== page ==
Why use containers?

Container technology has emerged as the preferred deployment platform due to its characteristics. Read through to learn the importance of containers, their benefits, and their role in microservice deployments.

Why use containers?

Microservices

As computing evolved to deployments in native-cloud and serverless architecture, there was a need for lighter software applications that could be:

  • Deployable independently, and be maintained and tested by smaller teams
  • Coupled loosely with other business applications and processes

These requirements led to the concept of microservices, also known as the microservice architecture. This is an architectural style that structures an application as a collection of services that are fine-grained and the protocols are lightweight. Microservices enabled legacy technology solution stacks to be broken into smaller logical units/parts that can run independently on cloud environments, allowing these complex applications to be quickly tested and reliably deployed.

Microservices, being loosely coupled and independently deployable as smaller services, needed a platform that supported lightweight deployable capabilities.

Benefits of containers

Container technology emerged as the preferred deployment platform for microservices due to characteristics, like being light, modular, and portable:

  • Light – A container encapsulates the microservice (Layer 5 in the graphic) that are fine-grained (providing specific code for specific business services), and that include specific messaging protocols (Layer 4 in the graphic) relevant to the specific business service. This makes a container light, starting at only few tens of megabytes in size. This light deployment allows multiple containers and, in turn, microservices to be hosted by one physical machine. As microservices are light, they do not need to be continuously loaded onto computing resources, and can be initialized immediately when needed, as well as be available for just-in-time use, and shutdown when not in use.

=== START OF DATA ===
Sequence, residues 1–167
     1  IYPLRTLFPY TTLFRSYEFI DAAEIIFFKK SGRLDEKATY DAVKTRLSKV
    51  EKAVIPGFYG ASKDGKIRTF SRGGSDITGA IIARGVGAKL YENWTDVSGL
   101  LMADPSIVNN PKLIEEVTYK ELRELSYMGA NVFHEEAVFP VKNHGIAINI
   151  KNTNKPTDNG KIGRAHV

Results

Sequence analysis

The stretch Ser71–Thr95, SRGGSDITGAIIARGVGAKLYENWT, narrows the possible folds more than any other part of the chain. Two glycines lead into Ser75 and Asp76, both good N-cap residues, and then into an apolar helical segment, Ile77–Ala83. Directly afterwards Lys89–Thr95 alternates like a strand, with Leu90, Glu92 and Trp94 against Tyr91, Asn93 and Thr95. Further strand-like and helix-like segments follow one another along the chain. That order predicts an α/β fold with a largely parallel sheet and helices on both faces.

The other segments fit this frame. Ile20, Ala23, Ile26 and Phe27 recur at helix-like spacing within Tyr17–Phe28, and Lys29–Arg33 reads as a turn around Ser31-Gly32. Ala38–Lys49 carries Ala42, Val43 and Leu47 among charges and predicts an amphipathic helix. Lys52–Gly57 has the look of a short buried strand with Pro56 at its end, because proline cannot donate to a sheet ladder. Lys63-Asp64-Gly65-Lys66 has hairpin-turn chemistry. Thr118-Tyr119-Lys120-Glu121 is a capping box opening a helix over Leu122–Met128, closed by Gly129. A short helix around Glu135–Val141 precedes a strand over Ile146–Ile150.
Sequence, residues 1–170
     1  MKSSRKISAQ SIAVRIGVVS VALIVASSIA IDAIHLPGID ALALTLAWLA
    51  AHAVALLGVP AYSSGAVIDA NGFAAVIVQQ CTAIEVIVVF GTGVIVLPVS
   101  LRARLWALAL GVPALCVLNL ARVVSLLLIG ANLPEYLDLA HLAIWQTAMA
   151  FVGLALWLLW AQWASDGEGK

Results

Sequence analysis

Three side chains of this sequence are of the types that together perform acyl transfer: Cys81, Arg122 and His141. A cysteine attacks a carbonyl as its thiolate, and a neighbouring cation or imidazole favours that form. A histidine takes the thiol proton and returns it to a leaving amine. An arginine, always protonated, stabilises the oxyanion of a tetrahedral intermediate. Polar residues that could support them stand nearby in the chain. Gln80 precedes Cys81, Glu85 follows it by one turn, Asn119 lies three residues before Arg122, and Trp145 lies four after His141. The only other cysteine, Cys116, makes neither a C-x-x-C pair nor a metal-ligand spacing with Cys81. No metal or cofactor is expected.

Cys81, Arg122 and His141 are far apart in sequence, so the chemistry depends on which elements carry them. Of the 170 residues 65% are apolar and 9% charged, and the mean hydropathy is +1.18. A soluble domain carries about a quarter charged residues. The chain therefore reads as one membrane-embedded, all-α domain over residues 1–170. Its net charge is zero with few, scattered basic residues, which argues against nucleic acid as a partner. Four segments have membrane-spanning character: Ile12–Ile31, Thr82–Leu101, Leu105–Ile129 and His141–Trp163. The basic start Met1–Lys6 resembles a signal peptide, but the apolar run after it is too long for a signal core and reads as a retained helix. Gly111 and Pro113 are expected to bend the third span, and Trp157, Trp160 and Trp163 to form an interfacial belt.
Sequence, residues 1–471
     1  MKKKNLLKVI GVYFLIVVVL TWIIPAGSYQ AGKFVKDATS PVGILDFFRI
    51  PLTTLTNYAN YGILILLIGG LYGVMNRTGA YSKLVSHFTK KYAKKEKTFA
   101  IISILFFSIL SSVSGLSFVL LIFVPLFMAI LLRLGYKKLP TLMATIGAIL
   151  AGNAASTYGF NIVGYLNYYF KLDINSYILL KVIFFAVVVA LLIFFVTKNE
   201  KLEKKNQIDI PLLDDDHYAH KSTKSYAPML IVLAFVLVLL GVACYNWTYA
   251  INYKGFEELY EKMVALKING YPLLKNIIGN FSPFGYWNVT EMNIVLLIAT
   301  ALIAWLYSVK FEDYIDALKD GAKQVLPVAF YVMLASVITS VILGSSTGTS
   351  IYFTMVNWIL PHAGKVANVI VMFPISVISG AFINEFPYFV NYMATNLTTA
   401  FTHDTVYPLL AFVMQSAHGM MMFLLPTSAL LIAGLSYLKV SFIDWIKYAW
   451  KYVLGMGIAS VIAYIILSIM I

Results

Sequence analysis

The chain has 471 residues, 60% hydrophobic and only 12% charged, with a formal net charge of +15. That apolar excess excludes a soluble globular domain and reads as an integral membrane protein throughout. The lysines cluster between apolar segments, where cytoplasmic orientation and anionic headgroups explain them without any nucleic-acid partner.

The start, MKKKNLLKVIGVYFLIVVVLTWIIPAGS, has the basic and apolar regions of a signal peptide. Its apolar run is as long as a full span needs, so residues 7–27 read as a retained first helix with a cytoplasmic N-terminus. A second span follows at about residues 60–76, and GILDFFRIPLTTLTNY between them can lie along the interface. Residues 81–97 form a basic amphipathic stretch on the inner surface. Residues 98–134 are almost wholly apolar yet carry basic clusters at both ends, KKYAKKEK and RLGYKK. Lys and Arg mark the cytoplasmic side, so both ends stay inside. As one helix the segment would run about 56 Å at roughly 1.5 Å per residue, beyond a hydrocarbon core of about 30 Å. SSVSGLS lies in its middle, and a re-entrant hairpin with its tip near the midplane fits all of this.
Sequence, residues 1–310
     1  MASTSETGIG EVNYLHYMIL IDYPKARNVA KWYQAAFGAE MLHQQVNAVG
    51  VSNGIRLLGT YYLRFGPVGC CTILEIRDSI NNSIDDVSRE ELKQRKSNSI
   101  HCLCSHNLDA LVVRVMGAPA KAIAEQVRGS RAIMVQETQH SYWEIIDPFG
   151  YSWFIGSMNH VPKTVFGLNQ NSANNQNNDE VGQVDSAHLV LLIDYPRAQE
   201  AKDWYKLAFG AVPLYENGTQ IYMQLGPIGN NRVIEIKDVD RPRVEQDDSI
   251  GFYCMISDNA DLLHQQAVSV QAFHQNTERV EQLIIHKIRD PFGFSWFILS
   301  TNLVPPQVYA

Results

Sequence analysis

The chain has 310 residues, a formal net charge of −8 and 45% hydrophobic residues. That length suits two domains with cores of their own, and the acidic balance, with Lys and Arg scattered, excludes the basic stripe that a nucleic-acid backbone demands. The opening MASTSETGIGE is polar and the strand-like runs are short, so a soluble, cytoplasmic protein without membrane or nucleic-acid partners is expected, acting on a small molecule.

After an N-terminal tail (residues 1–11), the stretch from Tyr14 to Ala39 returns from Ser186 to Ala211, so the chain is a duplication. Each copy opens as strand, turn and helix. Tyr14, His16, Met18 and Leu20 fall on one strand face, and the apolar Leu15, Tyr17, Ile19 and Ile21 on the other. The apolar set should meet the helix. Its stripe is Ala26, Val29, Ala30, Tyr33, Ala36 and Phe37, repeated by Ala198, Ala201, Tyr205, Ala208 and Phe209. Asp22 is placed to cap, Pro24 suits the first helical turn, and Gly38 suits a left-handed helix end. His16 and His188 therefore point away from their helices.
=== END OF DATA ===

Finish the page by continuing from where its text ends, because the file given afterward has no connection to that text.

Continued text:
• Modular – Since one container could run a database while another could run an application front end, a complex application can be split into modules across containers. This modular approach aligns container as a platform for the microservices architecture approach. The modular approach eases management of individual modules in a complex application, and changes in a module can be made without rebuilding the entire application.
  • Portable – Containers are OS independent, as they share the machine OS kernel through the platform (Layer 3 - Container Runtime in the graphic). While this allows portability across devices for organizations, such as developer laptop to on-premise private data center, to private and public cloud environments. Portability can be limited to an extent by the container platform’s OS compatibility. For example, Red Hat OpenShift supports only containers with Linux images. Additionally, specific container platforms may not always be backward and forward compatible with updates and new releases in OS.

DevOps / CI-CD as drivers for container adoptions

Container and microservices adoption have been led by organizations that have transitioned to modern development and application patterns like DevOps and CI/CD as the way to build, release, and run software.

Summary

As the concept of microservices emerged, enabling legacy technology solution stacks to be broken into smaller logical units/parts that ran independently on cloud environments; these loosely coupled and independently deployable smaller services, needed a platform that supported lightweight deployable capabilities. Container technology emerged as the preferred deployment platform for microservices due to characteristics like being – light, modular, portable.